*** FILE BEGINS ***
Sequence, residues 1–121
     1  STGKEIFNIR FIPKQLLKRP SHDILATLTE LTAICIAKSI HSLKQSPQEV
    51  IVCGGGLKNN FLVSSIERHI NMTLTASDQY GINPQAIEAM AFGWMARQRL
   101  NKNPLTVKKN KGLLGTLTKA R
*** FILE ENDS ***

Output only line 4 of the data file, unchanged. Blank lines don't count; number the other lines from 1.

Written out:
   101  NKNPLTVKKN KGLLGTLTKA R